3D PRINTING – Spearheading the next Revolution (Part One)
The future of design – for sure, is linked with technology. And on the horizon, the one technology that will bring on a paradigm shift in the way we think and understand design – is 3D Printing! The last few years have seen an enormous leap in the accessibility and understanding of 3D Printing – a technology that’s close to magic! The latest hand-held 3D Printing machine now in the market promises exciting times ahead. It almost seems to create products like the meals that used to spring up, at the touch of a keypad, from The Jetsons’ microwave! That was one of the many futuristic projections of all that we saw in sci-fi books and TV shows – and now we are almost there! Here’s a peep into how 3D printing has the potential to radicalize art, architecture and design.
This is the first feature in the series to be published on TFOD – The Future Of Design!
“The future will happen with or without us, whether or not we decide to participate… if your next project is not aligned with the problems, needs, and desires of the future – the future will kill it!” – Thomas Frey, “Dean of Futurists” and Google’s top-rated futurist speaker has been quoted as saying. How very true! Indeed, “future-proofing the business” seems to have become mandatory for survival. One of the leading 3D printing companies Makerbot’s founder and former CEO Bre Pettis says – “It is the best time in the history of humanity to be a creative individual. The hardware and software tools are accessible, electronics are modular, and there are amazing resources available to those who are willing to explore the frontier of what happens next.” What happens next – of course will be guided by technological innovations.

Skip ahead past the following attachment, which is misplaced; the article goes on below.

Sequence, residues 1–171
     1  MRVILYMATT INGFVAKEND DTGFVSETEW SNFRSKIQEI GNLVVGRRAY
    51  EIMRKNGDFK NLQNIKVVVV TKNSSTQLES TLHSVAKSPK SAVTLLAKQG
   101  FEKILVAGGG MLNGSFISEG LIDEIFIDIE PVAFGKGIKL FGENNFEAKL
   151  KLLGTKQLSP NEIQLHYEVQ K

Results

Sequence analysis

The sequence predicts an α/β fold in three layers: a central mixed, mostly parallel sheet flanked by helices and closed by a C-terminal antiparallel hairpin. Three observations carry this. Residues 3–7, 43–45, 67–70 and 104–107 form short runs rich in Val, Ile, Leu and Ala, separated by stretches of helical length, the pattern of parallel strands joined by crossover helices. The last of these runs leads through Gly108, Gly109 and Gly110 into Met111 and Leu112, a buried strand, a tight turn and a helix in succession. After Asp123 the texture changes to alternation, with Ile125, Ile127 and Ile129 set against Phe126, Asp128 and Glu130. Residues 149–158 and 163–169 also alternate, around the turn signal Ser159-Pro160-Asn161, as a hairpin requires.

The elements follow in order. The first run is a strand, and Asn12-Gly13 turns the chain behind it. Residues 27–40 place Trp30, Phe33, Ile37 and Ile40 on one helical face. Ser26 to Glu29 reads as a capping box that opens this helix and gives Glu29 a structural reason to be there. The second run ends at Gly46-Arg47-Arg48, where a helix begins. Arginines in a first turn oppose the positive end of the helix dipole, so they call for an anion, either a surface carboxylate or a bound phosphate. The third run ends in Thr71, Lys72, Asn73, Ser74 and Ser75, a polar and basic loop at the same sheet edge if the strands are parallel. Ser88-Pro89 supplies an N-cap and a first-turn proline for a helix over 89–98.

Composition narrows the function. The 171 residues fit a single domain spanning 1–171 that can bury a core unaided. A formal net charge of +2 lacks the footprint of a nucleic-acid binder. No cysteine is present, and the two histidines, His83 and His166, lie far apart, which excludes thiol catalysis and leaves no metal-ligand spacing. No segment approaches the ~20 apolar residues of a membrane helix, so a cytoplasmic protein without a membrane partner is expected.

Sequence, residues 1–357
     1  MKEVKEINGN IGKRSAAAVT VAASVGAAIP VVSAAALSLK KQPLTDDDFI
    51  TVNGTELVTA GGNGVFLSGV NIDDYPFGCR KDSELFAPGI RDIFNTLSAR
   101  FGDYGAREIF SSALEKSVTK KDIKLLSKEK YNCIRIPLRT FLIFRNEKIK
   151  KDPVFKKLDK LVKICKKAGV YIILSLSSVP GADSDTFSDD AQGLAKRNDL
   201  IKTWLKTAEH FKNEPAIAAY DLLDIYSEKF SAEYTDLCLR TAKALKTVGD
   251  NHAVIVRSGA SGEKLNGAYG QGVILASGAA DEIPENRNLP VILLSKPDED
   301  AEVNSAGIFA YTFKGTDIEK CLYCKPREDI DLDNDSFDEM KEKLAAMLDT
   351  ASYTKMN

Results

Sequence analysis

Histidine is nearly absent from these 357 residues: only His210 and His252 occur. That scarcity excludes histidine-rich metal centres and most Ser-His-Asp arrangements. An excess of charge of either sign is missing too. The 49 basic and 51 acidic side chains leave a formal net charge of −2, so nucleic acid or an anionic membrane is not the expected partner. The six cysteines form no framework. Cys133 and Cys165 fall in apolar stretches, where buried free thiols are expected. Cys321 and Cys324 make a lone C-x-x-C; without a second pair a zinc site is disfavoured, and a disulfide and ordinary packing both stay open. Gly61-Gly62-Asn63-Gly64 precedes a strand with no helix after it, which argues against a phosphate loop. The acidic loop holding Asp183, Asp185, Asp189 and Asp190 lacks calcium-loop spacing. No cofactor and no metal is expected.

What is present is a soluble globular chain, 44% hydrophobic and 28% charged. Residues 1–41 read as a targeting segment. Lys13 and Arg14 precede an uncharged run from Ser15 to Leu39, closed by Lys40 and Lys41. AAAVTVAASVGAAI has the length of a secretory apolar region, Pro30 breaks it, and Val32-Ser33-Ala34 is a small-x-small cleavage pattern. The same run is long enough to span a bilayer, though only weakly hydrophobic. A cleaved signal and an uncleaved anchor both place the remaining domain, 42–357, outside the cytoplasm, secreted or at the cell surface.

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3D printing, already a large and growing business, has been listed as one of the top 5 technologies of the future! In fashion, food, and furniture - the future will be shaped by the new technology! Companies like Autodesk, Makerbot, Shapeways and others are already selling 3D printing hardware and software. As the technology becomes more popular and consequently cheaper too, it will become the mainstream tool for designers and innovators.
Or maybe, it already has! Early last year at Katy Perry’s stage show, the backup dancers wore mohawk-like helmets using Statuses 3D technology – a decision that came out of the constraint of getting well-fitting, light and durable ones manufactured in a very short time. Designed like contemporary version of Roman plumes, the helmets light up in an entire spectrum of colors, using LED technology. The helmets, worn by the dancers in the opening song of the tour which is Perry’s world-wide hitsingle Roar, were used over the entire year.
Designers have been showcasing 3d-printed showstoppers in many ramp shows, over the past couple of years. Adidas and Nike are exploring the technology to make lighter running shoes! In fashion, footwear, cosmetics, jewelry, lingerie, and dental implants, replication by 3D printing is getting more and more popular. Bio-printing is the term used for the application of 3D printing in the field of medicine – where efforts are on to replicate the human body organs like heart and liver!